Calling it the "popsicle hack," a PC market analyst is throwing cold water on concerns that computers are widely vulnerable to a new security breach. Princeton researchers (.pdf) drew widespread attention when they said that freezing a computer's memory chips preserves data that normally disappear when a computer is turned off. Someone who chills the chips can retrieve data after the PC has been powered down.
Roger Kay of Endpoint Technologies makes the process sound at least far-fetched and maybe laughable in the real world. Someone would have to have access to a notebook when it's running or sleeping (not turned off) and then spray liquid nitrogen to freeze the chips. Then the thief would have to abscond with the memory sticks to another machine to sniff out the precious data—and return to the target machine to apply the revealed password. Only then could the bad guy open an encrypted hard drive.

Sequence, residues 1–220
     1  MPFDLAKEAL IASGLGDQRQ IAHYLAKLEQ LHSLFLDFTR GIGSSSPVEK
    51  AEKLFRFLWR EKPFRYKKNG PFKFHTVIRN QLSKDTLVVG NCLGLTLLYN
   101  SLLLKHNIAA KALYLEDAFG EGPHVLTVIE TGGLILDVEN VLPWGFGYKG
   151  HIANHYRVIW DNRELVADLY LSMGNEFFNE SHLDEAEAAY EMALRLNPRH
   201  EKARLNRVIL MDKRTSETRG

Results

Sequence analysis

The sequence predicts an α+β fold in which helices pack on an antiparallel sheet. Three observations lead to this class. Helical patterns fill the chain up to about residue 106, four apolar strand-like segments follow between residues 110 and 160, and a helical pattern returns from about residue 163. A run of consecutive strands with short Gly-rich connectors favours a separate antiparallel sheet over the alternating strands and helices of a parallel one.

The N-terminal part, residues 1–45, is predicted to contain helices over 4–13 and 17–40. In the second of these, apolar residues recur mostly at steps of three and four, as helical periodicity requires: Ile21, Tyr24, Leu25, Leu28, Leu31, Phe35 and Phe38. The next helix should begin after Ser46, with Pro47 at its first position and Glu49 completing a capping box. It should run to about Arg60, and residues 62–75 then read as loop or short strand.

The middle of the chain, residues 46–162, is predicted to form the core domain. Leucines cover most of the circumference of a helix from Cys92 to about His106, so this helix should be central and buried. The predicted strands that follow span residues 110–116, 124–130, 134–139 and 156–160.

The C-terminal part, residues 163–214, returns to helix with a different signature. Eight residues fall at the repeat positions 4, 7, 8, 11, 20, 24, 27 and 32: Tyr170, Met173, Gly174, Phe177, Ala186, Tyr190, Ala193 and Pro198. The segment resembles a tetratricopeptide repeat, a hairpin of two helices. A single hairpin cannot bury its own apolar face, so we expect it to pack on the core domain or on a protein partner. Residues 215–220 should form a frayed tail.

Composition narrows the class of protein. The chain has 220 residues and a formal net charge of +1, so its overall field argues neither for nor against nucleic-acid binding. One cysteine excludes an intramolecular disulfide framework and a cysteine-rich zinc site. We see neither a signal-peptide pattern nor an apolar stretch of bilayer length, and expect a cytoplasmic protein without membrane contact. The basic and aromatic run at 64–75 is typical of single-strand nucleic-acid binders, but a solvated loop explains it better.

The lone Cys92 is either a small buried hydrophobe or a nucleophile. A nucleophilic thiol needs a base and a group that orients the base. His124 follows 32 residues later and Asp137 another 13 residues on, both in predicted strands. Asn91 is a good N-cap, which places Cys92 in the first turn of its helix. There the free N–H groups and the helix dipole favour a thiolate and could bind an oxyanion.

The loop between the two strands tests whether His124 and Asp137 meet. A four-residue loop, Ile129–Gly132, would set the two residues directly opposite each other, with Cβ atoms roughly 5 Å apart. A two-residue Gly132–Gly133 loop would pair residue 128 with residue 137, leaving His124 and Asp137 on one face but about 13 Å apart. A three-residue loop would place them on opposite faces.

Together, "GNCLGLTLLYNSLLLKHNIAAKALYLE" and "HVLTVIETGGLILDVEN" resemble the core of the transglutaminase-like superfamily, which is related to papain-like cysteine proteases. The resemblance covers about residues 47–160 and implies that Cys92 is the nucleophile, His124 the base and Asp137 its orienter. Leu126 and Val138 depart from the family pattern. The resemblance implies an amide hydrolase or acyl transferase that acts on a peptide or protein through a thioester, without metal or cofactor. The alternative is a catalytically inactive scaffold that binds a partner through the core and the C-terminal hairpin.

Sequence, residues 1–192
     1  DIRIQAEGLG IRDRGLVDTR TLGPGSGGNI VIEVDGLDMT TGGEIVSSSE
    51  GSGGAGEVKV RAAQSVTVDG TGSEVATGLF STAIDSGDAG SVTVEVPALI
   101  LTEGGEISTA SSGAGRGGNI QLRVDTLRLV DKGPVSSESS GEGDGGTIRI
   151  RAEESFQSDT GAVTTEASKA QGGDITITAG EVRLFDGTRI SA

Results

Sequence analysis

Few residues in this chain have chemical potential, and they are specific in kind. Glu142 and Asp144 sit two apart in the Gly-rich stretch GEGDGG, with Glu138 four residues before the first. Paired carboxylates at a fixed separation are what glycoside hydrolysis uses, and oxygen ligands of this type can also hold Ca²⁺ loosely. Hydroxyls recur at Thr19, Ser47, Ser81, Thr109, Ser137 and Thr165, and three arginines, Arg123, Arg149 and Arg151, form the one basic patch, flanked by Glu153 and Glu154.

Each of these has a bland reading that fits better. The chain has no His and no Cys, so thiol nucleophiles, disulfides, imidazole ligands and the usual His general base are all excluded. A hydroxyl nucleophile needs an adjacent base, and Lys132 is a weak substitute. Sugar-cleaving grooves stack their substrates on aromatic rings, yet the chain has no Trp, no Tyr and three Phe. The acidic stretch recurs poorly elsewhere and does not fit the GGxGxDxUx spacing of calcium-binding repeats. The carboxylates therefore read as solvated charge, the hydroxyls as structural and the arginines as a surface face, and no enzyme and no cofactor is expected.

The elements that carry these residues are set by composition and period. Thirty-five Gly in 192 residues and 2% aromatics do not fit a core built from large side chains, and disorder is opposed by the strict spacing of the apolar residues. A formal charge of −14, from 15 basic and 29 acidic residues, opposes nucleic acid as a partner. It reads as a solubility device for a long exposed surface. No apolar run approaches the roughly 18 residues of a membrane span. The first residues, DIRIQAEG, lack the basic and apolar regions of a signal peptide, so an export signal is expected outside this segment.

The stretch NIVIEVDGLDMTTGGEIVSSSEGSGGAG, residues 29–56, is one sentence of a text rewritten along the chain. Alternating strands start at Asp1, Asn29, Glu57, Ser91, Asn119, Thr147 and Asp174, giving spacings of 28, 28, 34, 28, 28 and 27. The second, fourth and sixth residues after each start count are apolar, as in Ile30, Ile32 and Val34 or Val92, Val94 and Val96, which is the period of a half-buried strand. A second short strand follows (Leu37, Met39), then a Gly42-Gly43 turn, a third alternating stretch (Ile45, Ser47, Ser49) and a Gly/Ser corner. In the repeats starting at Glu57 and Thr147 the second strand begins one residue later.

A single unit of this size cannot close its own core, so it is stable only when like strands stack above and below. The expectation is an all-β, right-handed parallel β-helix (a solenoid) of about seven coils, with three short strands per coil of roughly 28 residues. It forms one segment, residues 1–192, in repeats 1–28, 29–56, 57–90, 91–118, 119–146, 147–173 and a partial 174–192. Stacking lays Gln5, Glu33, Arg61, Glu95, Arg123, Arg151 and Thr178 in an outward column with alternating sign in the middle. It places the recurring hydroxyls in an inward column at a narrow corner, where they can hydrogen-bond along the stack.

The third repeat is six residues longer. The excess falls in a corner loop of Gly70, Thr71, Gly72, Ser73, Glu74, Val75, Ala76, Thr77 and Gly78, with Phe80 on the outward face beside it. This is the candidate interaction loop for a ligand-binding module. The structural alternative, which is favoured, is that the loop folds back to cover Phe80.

While possible, the attack remains much less likely than much more mundane methods of cracking a computer, Kay says. "Anyone who knows the security biz knows that there is no such thing as absolute security, only reasonable security for a given situation," he adds. "Commercial-grade security is good enough for most businesses, but spooks need a higher grade."
So maybe James Bond has to worry about keeping his laptop out of the freezer. But not the rest of us.